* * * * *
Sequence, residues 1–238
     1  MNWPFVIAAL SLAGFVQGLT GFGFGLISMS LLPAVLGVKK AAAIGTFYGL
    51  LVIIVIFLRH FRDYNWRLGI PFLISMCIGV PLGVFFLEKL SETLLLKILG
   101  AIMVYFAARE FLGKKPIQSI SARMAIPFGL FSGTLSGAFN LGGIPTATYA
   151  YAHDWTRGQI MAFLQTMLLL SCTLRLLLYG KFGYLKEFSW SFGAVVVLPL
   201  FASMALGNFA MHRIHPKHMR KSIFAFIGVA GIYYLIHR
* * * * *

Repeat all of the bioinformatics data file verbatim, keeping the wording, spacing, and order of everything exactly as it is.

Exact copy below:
Sequence, residues 1–238
     1  MNWPFVIAAL SLAGFVQGLT GFGFGLISMS LLPAVLGVKK AAAIGTFYGL
    51  LVIIVIFLRH FRDYNWRLGI PFLISMCIGV PLGVFFLEKL SETLLLKILG
   101  AIMVYFAARE FLGKKPIQSI SARMAIPFGL FSGTLSGAFN LGGIPTATYA
   151  YAHDWTRGQI MAFLQTMLLL SCTLRLLLYG KFGYLKEFSW SFGAVVVLPL
   201  FASMALGNFA MHRIHPKHMR KSIFAFIGVA GIYYLIHR